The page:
By Gloria Anderson
Traditional traders who participated in the EU, Ministry of Trade and Industry’s Compete Ghana training modules on the requirements needed to export to the EU markets have shared great stories of the benefits of the training.
The exporters said they have seen exponential increase in their revenues after the training. The training funded by the EU under the auspices of the Ministry of Trade and Industry opened exporters to EU markets.
Trade Minister T.K Hammond samples some delicacies.
The traders said the benefits of the Compete Ghana programme have reflected not only in their revenues but also in the experiences gained, which have made an impact. The traders expressed this in an interview with GBC online on the sidelines of Association of Ghana Industries-European Union’s (EU) fair dubbed, “Industrialization Through Sustainable and Efficient Supply Chains” in Accra.
Madam Francisca Nana Ama Diokoto, Chief Executive Officer of Nature’s Beauty, producers of natural cosmetics, said the training from Compete Ghana had helped her in diverse ways, stating that “I think it is going to expose me to the international market, and I am very grateful for that.”
“They have given us much knowledge about the international export requirements, packaging, and certification, among others, and so we are ready to export to the EU market,” she added.
Madam Stephanie Appiah, Chief Executive Officer of Hepany showing products to Mr. Gebara.
Madam Stephanie Appiah, Chief Executive Officer of Hepany, producers of hair care products for natural hairs, also expressed her readiness to export to the EU market. Mr Nicholas Gebara, Team Lead for Compete Ghana, said for Ghanaian exporters, since 2016, exporting to the EU market was duty-free and quota-free.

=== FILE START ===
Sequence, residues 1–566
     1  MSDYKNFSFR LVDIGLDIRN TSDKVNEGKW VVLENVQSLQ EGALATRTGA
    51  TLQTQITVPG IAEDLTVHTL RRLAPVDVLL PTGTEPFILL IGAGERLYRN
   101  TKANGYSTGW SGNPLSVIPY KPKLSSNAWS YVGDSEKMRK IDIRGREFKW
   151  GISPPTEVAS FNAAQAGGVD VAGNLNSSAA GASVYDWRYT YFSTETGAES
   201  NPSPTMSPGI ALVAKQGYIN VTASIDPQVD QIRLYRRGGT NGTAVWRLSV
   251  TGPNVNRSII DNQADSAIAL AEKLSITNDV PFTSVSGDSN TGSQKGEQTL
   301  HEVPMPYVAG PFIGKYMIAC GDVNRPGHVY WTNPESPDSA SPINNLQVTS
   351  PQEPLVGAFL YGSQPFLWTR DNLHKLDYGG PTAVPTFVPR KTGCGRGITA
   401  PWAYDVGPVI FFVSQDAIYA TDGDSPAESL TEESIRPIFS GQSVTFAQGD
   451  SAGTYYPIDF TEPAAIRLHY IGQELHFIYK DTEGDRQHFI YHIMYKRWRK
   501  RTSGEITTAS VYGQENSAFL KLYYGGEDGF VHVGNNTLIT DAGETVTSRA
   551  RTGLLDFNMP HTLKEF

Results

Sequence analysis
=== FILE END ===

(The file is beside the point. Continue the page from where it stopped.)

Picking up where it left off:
Mr. Nicholas Gebara, Team Lead for Compete Ghana in an interview.
He said they were assisting some ministries and various business agencies to build their capacities to help the private sector implement the Economic Partnership Agreement (EPA).
The team lead indicated that some of the challenges faced were the procedures and legal requirements needed to export to the international market and access to the market, stating that they also assisted in that regard.
Mr Gebara encouraged some organisations to be strong internally, build their own organisational capacities, and revise their existing business plans to include export strategies.
He said, “under the programme, we have 40 companies, and here we have just a selection of them to exhibit to us here, but in the next three months we are coaching them into how to export and how to organize yourself to access the market in the EU.”
Irchad Razaaly, Ambassador of the European Union to Ghana, emphasised the benefits of the economic partnership for both Ghana and the EU. Mr. Razaaly said, ‘’the European Union is duty free and quota free for all Ghanaian goods and services.” He mentioned that as we are currently speaking, Ghana is exporting two billion Euros worth of goods to the EU. It is the expectation that the number will increase.